IN THE FINANCIAL DISTRICT by Ralph Pomeroy

IN THE FINANCIAL DISTRICT

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KIRKUS REVIEW

Although the poems in this first collection appear to have been written at different periods, and certainly in different locations and situations, the tone throughout is much the same. Observations on life in the country, on love, Europe, authors and painters, life in a loft in Lower Manhattan, are recorded with a sort of naive ''matter-of-factness which often becomes simply a flat statement without overtones. The intentness bestowed equally upon emotions, and upon very minor scenes and scenery (an old man feeding pigeons, a fallen apple) is more mere observation than interpretation, and sounds sometimes like the work of someone who came to poetry fairly late in life and is still hovering between the two languages of prose and poetic transformation. This awkward newness is at times pleasant and earnest, childlike in its sense of surprise and cautious exploration; but it tends to lack inventive energy and the real insights possible in more skillfully controlled poetry.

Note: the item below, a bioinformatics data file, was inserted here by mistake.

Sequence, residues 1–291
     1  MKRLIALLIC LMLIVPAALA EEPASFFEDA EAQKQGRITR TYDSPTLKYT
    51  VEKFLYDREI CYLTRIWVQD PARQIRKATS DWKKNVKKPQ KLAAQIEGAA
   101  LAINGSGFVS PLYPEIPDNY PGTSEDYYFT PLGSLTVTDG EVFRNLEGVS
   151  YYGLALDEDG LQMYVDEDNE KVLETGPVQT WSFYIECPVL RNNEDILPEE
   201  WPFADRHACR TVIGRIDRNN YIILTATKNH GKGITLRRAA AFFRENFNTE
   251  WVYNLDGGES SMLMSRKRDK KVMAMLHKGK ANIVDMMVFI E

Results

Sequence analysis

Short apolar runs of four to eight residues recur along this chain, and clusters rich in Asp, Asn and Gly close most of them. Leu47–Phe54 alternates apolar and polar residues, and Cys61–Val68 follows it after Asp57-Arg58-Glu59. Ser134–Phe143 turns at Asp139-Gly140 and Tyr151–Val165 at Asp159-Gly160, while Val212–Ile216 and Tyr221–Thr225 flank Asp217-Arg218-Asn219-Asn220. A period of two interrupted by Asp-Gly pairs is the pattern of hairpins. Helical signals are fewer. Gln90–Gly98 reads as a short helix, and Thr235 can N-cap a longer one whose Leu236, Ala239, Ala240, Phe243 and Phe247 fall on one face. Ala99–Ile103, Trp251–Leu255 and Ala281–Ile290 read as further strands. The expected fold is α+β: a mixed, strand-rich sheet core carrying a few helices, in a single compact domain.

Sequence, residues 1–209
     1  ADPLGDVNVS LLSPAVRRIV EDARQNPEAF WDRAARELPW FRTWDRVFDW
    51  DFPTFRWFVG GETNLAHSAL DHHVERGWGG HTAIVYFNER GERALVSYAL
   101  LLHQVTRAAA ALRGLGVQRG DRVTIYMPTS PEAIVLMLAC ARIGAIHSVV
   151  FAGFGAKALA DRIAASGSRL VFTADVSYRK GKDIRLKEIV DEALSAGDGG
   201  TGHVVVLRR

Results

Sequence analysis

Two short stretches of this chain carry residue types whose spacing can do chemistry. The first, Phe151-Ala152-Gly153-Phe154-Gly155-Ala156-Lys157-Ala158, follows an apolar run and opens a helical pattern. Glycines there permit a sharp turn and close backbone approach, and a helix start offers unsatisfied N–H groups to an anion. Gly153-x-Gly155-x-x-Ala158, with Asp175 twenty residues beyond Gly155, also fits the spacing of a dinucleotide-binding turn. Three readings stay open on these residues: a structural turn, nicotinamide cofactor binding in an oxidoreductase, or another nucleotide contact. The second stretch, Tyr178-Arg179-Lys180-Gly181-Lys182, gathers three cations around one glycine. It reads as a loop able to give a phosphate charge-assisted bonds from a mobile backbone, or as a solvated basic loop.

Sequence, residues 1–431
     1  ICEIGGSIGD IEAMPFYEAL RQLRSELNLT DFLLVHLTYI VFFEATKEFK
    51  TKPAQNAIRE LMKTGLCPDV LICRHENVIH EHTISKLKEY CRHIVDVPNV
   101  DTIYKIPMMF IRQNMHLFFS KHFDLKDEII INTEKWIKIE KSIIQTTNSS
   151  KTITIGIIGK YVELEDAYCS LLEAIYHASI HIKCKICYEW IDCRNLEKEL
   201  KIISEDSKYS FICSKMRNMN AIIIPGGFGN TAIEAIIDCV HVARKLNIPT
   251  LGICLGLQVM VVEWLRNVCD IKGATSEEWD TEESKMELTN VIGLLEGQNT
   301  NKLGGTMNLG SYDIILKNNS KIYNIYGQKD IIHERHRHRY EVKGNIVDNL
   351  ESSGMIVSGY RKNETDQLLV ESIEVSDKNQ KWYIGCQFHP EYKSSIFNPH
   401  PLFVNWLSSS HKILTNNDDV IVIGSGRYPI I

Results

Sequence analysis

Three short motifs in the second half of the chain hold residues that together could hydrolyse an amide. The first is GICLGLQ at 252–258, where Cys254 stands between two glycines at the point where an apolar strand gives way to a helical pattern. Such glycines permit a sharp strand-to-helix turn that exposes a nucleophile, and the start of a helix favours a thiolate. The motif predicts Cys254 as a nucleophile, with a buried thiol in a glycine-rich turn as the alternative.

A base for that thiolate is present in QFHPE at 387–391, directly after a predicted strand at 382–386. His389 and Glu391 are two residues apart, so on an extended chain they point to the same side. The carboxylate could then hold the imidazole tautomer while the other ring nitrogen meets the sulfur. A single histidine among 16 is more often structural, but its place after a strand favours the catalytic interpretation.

Pub Date: Aug. 5th, 1968
Publisher: Macmillan